Osteoporosis

  • Medical Author:
    William C. Shiel Jr., MD, FACP, FACR

    Dr. Shiel received a Bachelor of Science degree with honors from the University of Notre Dame. There he was involved in research in radiation biology and received the Huisking Scholarship. After graduating from St. Louis University School of Medicine, he completed his Internal Medicine residency and Rheumatology fellowship at the University of California, Irvine. He is board-certified in Internal Medicine and Rheumatology.

  • Medical Editor: Catherine Burt Driver, MD
    Catherine Burt Driver, MD

    Catherine Burt Driver, MD

    Catherine Burt Driver, MD, is board certified in internal medicine and rheumatology by the American Board of Internal Medicine. Dr. Driver is a member of the American College of Rheumatology. She currently is in active practice in the field of rheumatology in Mission Viejo, Calif., where she is a partner in Mission Internal Medical Group.

Learn about osteoporosis prevention.

Osteoporosis Prevention

I'm a 35-year-old woman of average build and have a family history of osteoporosis. I exercise, don't smoke, and try to eat a calcium-rich balanced diet. What other steps can I take to prevent osteoporosis?

It sounds as though you are taking very good steps to prevent osteoporosis. Exercise has a wide variety of beneficial health effects. However, exercise does not bring about substantial increases in bone density.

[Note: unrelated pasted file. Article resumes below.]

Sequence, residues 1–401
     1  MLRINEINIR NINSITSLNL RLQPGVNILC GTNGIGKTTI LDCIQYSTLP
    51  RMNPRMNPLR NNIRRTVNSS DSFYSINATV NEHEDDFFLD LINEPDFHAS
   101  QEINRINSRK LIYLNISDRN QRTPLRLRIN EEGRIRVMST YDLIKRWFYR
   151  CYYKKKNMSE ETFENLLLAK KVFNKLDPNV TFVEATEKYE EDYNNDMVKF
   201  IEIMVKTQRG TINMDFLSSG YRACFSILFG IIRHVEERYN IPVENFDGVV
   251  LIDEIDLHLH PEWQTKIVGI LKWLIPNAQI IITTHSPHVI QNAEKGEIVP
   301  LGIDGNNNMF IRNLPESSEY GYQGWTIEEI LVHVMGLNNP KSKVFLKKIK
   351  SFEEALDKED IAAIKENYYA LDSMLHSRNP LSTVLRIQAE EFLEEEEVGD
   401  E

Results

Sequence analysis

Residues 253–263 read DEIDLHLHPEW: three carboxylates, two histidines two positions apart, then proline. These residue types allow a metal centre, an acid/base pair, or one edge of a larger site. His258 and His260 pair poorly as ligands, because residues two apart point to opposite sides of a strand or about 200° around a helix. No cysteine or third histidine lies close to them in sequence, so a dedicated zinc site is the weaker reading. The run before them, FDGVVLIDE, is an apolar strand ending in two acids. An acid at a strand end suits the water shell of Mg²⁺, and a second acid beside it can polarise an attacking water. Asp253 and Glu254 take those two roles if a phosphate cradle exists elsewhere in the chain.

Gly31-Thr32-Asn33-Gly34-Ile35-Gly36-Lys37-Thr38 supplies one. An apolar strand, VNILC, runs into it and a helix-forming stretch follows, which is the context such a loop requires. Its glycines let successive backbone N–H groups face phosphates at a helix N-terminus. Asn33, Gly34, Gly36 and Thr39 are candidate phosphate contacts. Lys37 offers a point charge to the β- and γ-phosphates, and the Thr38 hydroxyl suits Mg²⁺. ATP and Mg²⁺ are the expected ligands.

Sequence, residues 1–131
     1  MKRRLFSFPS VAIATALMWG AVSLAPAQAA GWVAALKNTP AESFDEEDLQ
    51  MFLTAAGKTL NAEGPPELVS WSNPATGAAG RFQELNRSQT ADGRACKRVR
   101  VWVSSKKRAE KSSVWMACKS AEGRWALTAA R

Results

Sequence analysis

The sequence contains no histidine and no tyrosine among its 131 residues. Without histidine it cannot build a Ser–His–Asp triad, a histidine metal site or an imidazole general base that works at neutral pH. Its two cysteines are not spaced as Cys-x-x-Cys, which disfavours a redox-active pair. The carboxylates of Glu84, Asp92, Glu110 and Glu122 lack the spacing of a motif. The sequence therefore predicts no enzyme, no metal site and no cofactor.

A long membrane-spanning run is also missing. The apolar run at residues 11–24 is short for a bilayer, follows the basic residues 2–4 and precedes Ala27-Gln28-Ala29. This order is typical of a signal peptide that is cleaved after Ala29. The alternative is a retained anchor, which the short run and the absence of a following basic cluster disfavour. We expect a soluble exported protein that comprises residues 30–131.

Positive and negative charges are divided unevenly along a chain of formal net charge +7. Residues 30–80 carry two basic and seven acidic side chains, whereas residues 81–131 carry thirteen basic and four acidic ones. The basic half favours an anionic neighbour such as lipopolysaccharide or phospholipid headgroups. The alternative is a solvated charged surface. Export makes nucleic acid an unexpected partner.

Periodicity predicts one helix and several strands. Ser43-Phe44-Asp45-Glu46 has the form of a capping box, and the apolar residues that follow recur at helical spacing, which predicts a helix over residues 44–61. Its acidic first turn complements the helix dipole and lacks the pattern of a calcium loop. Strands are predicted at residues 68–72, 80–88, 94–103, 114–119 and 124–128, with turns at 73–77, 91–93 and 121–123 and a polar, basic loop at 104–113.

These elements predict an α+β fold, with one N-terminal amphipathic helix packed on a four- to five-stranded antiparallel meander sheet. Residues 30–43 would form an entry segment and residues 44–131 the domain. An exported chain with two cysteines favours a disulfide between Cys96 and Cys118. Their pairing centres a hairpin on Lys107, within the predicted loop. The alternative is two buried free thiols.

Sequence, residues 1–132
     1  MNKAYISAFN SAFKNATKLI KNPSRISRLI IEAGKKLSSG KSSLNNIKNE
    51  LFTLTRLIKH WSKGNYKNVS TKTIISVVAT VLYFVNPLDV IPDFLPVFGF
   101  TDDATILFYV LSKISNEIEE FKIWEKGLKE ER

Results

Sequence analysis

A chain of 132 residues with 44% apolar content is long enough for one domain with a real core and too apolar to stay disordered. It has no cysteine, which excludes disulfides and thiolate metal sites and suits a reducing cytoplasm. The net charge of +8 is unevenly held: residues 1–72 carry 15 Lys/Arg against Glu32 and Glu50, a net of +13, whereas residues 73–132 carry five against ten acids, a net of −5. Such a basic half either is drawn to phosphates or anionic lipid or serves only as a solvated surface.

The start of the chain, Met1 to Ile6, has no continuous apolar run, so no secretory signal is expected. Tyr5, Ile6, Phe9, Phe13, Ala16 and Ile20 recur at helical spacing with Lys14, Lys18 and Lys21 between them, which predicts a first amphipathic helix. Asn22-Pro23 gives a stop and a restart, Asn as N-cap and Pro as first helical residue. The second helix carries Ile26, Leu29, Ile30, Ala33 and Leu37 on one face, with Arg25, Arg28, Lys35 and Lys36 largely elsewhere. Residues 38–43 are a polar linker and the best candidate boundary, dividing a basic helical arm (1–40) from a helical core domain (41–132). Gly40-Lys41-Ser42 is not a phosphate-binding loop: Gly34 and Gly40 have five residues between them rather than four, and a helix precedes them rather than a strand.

Quick GuideWhat Is Osteoporosis? Treatment, Symptoms, Medication

What Is Osteoporosis? Treatment, Symptoms, Medication

Osteoporosis facts

  • Osteoporosis is a condition of fragile bone with an increased susceptibility to fracture.
  • Osteoporosis weakens bone and increases risk of bones breaking.
  • Bone mass (bone density) decreases after 35 years of age, and bone loss occurs more rapidly in women after menopause.
  • Key risk factors for osteoporosis include genetics, lack of exercise, lack of calcium and vitamin D, personal history of fracture as an adult, cigarette smoking, excessive alcohol consumption, history of rheumatoid arthritis, low body weight, and family history of osteoporosis.
  • Patients with osteoporosis have no symptoms until bone fractures occur.
  • The diagnosis of osteoporosis can be suggested by X-rays and confirmed by tests to measure bone density.
  • Treatments for osteoporosis, in addition to prescription osteoporosis medications, include stopping use of alcohol and cigarettes, and assuring adequate exercise, calcium, and vitamin D.

What is osteoporosis?

Osteoporosis is a condition characterized by a decrease in the density of bone, decreasing its strength and resulting in fragile bones. Osteoporosis literally leads to abnormally porous bone that is compressible, like a sponge. This disorder of the skeleton weakens the bone and results in frequent fractures (breaks) in the bones. Osteopenia, by definition, is a condition of bone that is slightly less dense than normal bone but not to the degree of bone in osteoporosis.

Normal bone is composed of protein, collagen, and calcium, all of which give bone its strength. Bones that are affected by osteoporosis can break (fracture) with relatively minor injury that normally would not cause a bone to fracture. The fracture can be either in the form of cracking (as in a hip fracture) or collapsing (as in a compression fracture of the vertebrae of the spine). The spine, hips, ribs, and wrists are common areas of bone fractures from osteoporosis although osteoporosis-related fractures can occur in almost any skeletal bone.

Medically Reviewed by a Doctor on 2/2/2017

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